Multi-year droughts have been a recurrent feature of the climate and hydrology of Kansas since at least the 1930s. Streamflow records collected by the U.S. Geological Survey (USGS) indicate that water years 2000 to 2006 (October 1, 1999, through September 30, 2006) represent the sixth hydrologic drought during the past eight decades, and that corresponding streamflow levels in some parts of Kansas were lower than those during historic droughts of the 1930s and 1950s, even though the precipitation deficit was not as severe. Record-low streamflows in water year 2006 were recorded at USGS streamgages on the Republican, Smoky Hill, Solomon, Saline, upper Kansas, middle Arkansas, and Little Arkansas Rivers, as well as many tributary sites, and one tributary site of the Neosho River (fig. 1, table 1).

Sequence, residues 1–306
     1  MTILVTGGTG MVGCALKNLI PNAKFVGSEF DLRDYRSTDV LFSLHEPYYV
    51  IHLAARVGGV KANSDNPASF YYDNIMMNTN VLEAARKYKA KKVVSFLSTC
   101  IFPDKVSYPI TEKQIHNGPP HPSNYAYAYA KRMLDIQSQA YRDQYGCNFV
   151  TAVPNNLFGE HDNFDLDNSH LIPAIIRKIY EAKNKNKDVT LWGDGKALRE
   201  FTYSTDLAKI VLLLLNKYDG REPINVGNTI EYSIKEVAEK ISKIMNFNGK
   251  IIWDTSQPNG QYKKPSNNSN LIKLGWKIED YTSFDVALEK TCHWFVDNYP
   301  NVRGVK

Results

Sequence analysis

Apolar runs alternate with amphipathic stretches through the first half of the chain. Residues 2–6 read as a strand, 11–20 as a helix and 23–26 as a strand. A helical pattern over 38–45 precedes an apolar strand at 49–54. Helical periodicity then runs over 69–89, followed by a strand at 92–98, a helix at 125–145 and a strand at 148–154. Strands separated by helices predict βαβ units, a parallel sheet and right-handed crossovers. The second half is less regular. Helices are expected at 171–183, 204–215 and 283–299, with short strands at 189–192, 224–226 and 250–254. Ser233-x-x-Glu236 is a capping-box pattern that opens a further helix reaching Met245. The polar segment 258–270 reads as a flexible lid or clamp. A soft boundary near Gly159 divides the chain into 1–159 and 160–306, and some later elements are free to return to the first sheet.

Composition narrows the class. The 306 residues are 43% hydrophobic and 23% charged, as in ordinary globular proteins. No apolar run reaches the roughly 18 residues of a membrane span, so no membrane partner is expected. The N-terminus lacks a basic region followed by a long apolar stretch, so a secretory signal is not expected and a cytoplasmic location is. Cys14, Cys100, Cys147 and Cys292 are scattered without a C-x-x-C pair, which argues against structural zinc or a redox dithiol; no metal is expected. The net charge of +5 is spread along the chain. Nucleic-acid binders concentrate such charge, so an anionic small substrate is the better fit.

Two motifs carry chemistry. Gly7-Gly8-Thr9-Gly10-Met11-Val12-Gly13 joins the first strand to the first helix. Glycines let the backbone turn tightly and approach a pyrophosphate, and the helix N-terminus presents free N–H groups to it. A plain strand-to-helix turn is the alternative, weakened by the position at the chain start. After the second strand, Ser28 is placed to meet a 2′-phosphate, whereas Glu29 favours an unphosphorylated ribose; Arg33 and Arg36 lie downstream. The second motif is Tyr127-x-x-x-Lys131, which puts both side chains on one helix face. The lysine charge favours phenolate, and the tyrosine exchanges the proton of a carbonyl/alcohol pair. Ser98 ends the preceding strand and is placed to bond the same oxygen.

Low streamflows during the hydrologic drought also resulted in record low levels at three Federal reservoirs in Kansas (fig. 1, table 2). An unprecedented number of administrative decisions were made by the Division of Water Resources, Kansas Department of Agriculture to curtail water diversions from rivers to maintain minimum desirable streamflows, and low flows on the lower Republican River in Kansas created concerns that Colorado and Nebraska were not complying with the terms of the 1943 Republican River Compact.
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USGS Numbered Series
Hydrologic Droughts in Kansas - Are They Becoming Worse?